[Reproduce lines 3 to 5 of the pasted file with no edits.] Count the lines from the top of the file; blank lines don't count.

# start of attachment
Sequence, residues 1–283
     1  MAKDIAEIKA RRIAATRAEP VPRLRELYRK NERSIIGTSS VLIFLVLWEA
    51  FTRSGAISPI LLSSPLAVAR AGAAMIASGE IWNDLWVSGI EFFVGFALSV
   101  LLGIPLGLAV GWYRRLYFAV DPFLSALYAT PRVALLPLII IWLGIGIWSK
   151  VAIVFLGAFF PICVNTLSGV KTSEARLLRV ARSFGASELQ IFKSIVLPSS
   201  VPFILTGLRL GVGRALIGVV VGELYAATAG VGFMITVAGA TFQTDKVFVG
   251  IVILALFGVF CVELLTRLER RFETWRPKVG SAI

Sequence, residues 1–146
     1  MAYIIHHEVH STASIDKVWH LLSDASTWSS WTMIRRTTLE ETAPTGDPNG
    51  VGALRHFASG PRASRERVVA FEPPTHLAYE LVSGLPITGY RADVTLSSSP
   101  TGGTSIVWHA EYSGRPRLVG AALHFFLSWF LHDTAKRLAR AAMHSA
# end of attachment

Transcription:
    51  FTRSGAISPI LLSSPLAVAR AGAAMIASGE IWNDLWVSGI EFFVGFALSV
   101  LLGIPLGLAV GWYRRLYFAV DPFLSALYAT PRVALLPLII IWLGIGIWSK
   151  VAIVFLGAFF PICVNTLSGV KTSEARLLRV ARSFGASELQ IFKSIVLPSS